An Italian restaurant boss fears he’ll go out of business in a matter of weeks as ballooning pasta prices and the vegetable shortage crisis have caused his costs to rocket.
Carmine Montuori, 52, moved to Bristol from Italy nine years ago – and runs an independent Italian eatery in the city.
He says the family-run business is at risk of going under in as little as three months because of vegetable shortages, blamed on weather in Europe and Africa.
And Carmine says the crisis has caused vegetable, pasta and rice prices to skyrocket, with costs for arancini having doubled and pasta prices up 80 per cent.
Now the worried restauranteur fears he will need to charge double for the same meal to maintain profits – or cull up to a quarter of his menu to survive.
Carmine Monturi, 52, has run Taste of Napoli with his family in Bristol for six years. But now he fears soaring food prices could cause kill his business
The father-of-three said: ‘It’s a real problem. The vegetable prices from wholesalers are 50 per cent higher than last month.
‘But we have no choice because we can’t get them from the supermarkets – the shelves are empty.
‘If the prices don’t go down in the next three or four months, we’ll need to close.’
He says if ingredient prices don’t fall in the next couple of months, the business has ‘no chance of staying on the market’.
He added: ‘People don’t realise the struggle independents have – the big companies can survive just fine, but we can’t.
‘Everything we sell is hand-made fresh but some people don’t want to pay more for a slice of pizza here than in a big chain like Greggs.’
Carmine has run Taste of Napoli with his family for six years. But he said prices of imported goods have shot up since Brexit and just when they were starting to fall again, Covid-19 struck, setting them back even further.
And he’s had to reduce their opening hours because he is struggling to find Italian staff to help run his restaurant as so many have returned home since Brexit.
Carmine says the shortages mean prices of their vegetables, pasta and rice have skyrocketed, while rice prices for arancini have doubled and pasta costs are up by 80 per cent
The beginning of the war in Ukraine led to gas and fuel prices skyrocketing, making their overhead costs higher and their transport costs greater.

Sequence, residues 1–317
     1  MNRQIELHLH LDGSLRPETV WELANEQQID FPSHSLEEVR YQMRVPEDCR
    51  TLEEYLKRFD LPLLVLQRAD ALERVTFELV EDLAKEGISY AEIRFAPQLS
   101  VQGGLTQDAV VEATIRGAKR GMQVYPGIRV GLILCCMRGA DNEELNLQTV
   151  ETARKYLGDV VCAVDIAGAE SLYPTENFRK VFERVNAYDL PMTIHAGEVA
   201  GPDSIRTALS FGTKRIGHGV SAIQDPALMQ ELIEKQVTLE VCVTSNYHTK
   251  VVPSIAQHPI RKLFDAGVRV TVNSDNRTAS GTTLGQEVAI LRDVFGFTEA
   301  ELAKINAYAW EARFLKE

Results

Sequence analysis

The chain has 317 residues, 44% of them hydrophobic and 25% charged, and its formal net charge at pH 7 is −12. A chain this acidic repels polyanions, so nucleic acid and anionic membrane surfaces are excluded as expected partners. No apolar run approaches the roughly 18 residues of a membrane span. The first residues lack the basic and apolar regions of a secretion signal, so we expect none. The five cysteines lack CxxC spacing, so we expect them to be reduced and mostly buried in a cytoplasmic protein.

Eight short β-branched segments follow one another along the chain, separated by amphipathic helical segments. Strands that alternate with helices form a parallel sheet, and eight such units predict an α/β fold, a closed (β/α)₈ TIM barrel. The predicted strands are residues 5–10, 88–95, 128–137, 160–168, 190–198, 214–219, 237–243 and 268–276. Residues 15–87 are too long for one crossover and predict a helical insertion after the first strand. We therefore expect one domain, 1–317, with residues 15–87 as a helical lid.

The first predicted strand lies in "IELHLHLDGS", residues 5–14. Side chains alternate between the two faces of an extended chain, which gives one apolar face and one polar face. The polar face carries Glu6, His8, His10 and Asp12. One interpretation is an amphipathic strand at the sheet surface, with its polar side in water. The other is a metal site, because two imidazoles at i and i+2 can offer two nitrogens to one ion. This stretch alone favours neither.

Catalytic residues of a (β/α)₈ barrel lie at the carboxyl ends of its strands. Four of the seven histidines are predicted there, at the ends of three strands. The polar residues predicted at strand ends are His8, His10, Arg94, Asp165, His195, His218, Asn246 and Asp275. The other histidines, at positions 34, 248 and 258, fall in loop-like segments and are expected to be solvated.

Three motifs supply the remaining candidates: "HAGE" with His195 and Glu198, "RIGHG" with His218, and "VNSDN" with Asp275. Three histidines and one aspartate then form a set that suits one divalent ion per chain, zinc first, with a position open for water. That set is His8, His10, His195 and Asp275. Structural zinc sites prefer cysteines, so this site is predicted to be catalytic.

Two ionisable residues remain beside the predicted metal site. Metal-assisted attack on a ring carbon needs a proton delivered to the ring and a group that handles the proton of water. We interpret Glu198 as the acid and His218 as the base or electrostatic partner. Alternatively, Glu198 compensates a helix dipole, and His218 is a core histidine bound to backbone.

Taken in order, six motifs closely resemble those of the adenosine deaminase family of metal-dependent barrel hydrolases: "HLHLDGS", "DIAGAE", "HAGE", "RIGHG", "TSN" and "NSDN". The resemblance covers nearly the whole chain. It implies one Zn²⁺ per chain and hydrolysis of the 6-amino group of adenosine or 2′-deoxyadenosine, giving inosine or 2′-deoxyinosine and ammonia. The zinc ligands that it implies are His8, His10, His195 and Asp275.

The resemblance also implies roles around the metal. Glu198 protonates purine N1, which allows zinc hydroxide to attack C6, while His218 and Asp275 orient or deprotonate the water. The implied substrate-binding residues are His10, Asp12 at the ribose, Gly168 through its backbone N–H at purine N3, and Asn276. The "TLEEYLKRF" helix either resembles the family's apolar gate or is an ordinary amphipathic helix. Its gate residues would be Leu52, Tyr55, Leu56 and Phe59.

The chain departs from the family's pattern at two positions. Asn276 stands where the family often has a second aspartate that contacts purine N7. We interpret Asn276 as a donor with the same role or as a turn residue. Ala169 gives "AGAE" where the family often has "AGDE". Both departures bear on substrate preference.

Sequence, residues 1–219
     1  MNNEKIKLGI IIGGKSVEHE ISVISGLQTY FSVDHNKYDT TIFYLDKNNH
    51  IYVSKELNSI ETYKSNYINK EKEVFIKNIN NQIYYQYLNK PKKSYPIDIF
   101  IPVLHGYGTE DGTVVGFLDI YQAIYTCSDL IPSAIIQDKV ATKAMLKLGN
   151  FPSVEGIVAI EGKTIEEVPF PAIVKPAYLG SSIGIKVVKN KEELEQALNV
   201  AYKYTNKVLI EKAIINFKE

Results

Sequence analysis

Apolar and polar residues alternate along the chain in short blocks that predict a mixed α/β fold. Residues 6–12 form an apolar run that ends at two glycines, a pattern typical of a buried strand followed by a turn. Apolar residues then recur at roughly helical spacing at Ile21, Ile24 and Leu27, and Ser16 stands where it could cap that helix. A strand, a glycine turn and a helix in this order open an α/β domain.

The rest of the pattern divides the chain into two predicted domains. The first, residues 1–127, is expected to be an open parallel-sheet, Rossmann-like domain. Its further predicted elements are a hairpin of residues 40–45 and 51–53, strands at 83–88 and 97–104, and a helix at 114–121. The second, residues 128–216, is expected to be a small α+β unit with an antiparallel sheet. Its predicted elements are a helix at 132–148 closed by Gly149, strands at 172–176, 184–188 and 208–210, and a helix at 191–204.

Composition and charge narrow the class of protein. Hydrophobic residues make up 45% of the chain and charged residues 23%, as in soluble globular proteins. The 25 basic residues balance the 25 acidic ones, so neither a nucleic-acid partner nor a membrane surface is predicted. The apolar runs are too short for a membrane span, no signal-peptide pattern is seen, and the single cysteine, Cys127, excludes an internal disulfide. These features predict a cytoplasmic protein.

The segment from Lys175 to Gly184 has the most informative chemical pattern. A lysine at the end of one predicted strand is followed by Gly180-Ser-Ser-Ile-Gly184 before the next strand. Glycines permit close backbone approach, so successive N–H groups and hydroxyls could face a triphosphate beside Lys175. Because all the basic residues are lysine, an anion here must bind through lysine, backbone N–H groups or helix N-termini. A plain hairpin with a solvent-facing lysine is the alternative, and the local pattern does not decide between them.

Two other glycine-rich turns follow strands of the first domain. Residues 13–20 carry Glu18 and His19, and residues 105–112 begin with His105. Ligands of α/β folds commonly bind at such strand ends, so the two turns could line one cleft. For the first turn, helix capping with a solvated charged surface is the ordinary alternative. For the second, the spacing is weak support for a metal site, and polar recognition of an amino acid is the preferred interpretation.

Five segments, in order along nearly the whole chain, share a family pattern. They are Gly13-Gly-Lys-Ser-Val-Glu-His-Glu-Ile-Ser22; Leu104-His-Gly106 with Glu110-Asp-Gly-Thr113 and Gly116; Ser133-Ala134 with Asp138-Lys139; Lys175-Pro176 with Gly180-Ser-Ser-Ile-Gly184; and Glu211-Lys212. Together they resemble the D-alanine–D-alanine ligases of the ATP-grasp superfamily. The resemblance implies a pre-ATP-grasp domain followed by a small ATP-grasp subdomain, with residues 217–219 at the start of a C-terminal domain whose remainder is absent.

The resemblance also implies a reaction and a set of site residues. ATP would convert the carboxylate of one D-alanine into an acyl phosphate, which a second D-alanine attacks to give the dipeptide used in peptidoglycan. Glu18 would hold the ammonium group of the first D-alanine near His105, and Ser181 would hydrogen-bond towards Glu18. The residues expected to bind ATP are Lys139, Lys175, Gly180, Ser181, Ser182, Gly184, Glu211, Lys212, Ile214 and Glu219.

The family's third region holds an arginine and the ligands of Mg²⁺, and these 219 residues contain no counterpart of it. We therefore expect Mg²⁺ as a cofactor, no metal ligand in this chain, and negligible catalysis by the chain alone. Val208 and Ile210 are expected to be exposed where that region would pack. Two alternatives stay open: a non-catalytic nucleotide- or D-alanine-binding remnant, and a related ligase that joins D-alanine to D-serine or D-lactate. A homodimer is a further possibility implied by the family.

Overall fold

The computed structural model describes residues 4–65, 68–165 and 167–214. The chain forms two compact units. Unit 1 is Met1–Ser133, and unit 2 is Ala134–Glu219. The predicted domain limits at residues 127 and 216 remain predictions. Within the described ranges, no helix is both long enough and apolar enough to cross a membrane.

Flour and cooking oil prices also rose in 2022 – so the latest shortages have crippled the family-run business.
Vegetable prices have shot up due to the shortage, along with pasta and rice prices.
Carmine has already upped most things on his menu by 20 per cent but claims it’s not enough to compensate for the inflated ingredient costs.
‘Every day I wake up and something has happened – some price has gone up,’ he said.
‘I can’t double my prices to make profit because then nobody would come in.
‘The big restaurant chains can handle that, but if we don’t make profit we don’t get paid.’
Carmine is now desperately appealing for help amid fears his business has just months left to survive.
He added: ‘We need help because if this continues for the next three to five months we have no chance of staying on the market.’
Carmine’s plea comes as major grocers nationwide have started rationing vegetables, peppers, cucumbers and tomatoes – with Lidl becoming the latest to limit foods on Monday.
Supermarkets are rationing food items and shelves continue to remain bare across the country as retailers grapple with supply problems. Tesco and Aldi joined Asda and Morrisons to ration fruit and vegetables last week.
There are no fresh tomatoes for sale at this Lidl store in Bourne, Lincolnshire
Empty shelves are seen in the fruit and vegetable aisles of a Tesco supermarket in Burgess Hill
A Lidl spokesman said: ‘As advised to our customers through signage in our stores last week, adverse weather conditions in Spain and Morocco have recently impacted the availability of certain salad items across the supermarket sector.
‘Whilst we still have good availability across the majority of our stores, due to a recent increase in demand we have taken the decision to temporarily limit the purchase of peppers, tomatoes and cucumbers to three items per person.
Suppliers have smacked down the claims food rationing triggered by ‘sky-high’ prices was caused by Brexit.
Clive Black, from Shore Capital, said bad weather in Spain and Morocco had caused a ‘perfect storm’ for British retailers who rely heavily on those countries for food in the winter months.
He said the crisis is ‘leading to sky-high prices for tomatoes and cucumbers’ and warned that rationing now imposed in four major supermarkets including Tesco will drag on for ‘weeks.’
Tim O’Malley, of major importer Nationwide Produce, said wholesale spot prices for fresh produce have soared by as much as 300 per cent in recent weeks as harvesting abroad went down by 20 per cent or more. If increases are passed on to British consumers, these items would add several pounds to a weekly shop.
Asked about the difference between shelves in the UK and Europe, where gloating expats relished sharing pictures of their supermarkets awash with fruit and vegetables using the hashtag #Vegxit, he said: ‘It’s not about Brexit’.